January 26, 2020

Deacon Jeff Homily
Jesus calls us to his Kingdom: the presence and power of God

At the beginning of today’s Gospel reading, Jesus moves from Nazareth to Capernaum.  This seems like an ordinary event – people move all the time – except that Matthew connects this event with the prophecy of Isaiah: “These people who walked in darkness have seen a great light.”  Matthew loves to connect the life and ministry of Jesus with Old Testament prophecy – this challenges us to connect our lives with Scripture and the will of God.  There is chronos, clock time and kairos, God’s time.  With the internet and social media people have never had so much information on hand but what does it mean?  We are disciples – we are called and we are sent; everything in our life should be seen in these terms.  How is the Holy Spirit moving in my life?  St. Ignatius Loyola taught that at the end of the day we should gratefully consider how the Holy Spirit is moving in our life – and how the Evil One also draws near.  This is a spirit of discernment.

Jesus begins to preach, “Repent, for the Kingdom of Heaven is at hand.” What is the Kingdom of Heaven, the Kingdom of God?  The Kingdom of God is presence and power of God - that is why Jesus reveals the Kingdom of God in his person and ministry because he is the presence and power of God.  When Jesus speaks parables and heals the sick he is making people wonder and be open to the Kingdom.  Why does Jesus not heal ALL who are sick?  To be a disciple of the Kingdom is to glorify God; Jesus teaches us that when we are well, it is for the glory of God and when we are sick it is for the glory of God.  It is not about us but fulfilling the plan of God.

Why must we repent to enter the Kingdom?  Jesus says we cannot love God and money.  Jesus tells us to seek treasure in heaven where moths and corrosion cannot destroy what we value.  We learn, also, to trust in God, not our own resources.  Remember when Jesus was teaching the crowd of 5000?  He told his disciples to give them something to eat.  And Philip said, “300 days wages would not be enough to feed this crowd.”  Then Jesus took the bread, blessed it, broke, and shared it with the disciples who shared the food with the crowd.  By human means it was impossible to feed the people but nothing is impossible for God.  Conversion is about relying on God, not our meager abilities.

Next, Jesus calls his first disciples.  Peter, Andrew, James, and John drop everything to follow Jesus.  This is a challenge to us to drop our personal interests to be a disciple.  These Galileans were fishermen, Jesus told them that they would become fishers of folks.  Jesus uses our natural talents for His purposes.  This follows the teaching of St. Thomas Aquinas, that grace perfects nature.  When we use our talents for God’s purposes our natural abilities are raised to God’s level - we can feed 5000 with a few loaves.  I’ve always felt sorry for Zebedee when his sons left him to follow Jesus.  Yet, God does not call without providing - we cannot outdo God in generosity.  I believe Zebedee blessed his sons when they departed and was blessed in return.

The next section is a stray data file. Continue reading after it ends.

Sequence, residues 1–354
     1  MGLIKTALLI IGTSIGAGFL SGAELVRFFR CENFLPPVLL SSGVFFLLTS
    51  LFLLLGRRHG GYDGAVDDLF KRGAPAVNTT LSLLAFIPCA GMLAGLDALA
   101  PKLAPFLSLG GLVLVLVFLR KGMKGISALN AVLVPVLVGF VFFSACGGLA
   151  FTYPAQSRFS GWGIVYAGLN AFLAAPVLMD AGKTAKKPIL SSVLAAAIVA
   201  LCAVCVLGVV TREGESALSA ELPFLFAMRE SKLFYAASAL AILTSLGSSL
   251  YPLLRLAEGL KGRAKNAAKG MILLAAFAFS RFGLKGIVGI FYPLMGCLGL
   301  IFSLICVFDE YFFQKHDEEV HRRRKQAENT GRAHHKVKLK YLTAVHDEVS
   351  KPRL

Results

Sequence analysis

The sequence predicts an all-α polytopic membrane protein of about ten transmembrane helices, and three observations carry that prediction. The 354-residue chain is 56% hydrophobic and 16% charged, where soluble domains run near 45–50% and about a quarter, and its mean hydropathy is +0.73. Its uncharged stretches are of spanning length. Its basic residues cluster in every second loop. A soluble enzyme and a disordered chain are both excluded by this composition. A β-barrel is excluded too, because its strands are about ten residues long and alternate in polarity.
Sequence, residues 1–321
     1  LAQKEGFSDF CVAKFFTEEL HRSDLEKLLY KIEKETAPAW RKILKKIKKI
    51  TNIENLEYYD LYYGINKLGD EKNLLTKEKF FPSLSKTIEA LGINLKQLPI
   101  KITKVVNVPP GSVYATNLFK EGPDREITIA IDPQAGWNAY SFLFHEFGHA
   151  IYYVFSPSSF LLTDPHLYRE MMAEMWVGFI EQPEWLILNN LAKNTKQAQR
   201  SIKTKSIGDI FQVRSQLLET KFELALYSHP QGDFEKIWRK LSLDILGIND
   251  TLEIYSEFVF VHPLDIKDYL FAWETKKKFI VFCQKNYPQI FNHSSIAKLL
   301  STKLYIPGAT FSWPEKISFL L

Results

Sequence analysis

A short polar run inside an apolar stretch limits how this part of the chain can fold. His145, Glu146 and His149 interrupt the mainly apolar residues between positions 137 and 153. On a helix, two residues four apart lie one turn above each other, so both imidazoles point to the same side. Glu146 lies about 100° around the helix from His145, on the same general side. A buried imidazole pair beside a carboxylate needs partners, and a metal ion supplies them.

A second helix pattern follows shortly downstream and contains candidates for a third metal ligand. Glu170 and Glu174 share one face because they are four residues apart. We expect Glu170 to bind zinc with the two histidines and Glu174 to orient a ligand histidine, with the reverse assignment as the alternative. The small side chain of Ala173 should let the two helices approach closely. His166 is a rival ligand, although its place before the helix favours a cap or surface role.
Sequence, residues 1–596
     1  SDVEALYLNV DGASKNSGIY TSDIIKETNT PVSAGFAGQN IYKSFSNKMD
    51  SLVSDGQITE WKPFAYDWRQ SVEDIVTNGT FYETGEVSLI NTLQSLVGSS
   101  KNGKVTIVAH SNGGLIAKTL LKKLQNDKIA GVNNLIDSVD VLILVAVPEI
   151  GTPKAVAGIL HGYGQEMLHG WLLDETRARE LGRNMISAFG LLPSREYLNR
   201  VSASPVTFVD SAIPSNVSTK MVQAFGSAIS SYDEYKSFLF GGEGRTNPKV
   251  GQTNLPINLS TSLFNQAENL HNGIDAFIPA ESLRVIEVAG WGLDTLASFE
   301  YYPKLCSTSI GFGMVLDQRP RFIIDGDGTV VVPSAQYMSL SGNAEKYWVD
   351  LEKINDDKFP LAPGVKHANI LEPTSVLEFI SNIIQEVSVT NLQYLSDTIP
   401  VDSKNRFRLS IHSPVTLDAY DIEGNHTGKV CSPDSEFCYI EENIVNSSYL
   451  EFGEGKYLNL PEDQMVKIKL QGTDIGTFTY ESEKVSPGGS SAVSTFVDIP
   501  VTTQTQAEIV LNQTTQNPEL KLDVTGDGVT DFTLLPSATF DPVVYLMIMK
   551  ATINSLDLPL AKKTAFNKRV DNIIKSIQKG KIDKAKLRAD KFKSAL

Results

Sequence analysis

I love the story of A Tale of Two Cities by Charles Dickens in which Dr. Alexandre Manet is falsely accused in the chaos after the French Revolution; he spends ten years in the Bastille prison.  When he is released he is very fragile psychologically and when he is stressed,  he reverts to his prison activity of making shoes at his cobbler’s bench.  Manet’s daughter, Lucy, is very concerned that her father may retreat to the comfort of his cobbler’s bench and shut himself off forever from his family.  Lucy confides in the family Lawyer, Jarvis, who in turn has a word with Manet.  “My Friend,” says Jarvis, “Lucy is distressed that you may favor the comfort of making shoes to her love and affection.”  Manet said, “I had no idea that I was so distressing my daughter.”  With that, he took an ax to his cobbler’s bench and threw it in the fireplace.  My dear brothers and sisters, The Reign of God demands every bit of our love and devotion.  When the Lord calls, we much take an ax to our comfort and say, “Here am I Lord, I come to do your will.”

Let us meditate on the Prayer of Abandonment by Charles de Foucauld:

Father,

I abandon myself into your hands; do with me what you will.
Whatever you may do, I thank you:
I am ready for all, I accept all.
Let only your will be done in me, and in all your creatures.
I wish no more than this, O Lord.

Into your hands I commend my soul;
I offer it to you
with all the love of my heart,
for I love you, Lord,
and so need to give myself,
to surrender myself into your hands,
without reserve,
and with boundless confidence,
for you are my Father.

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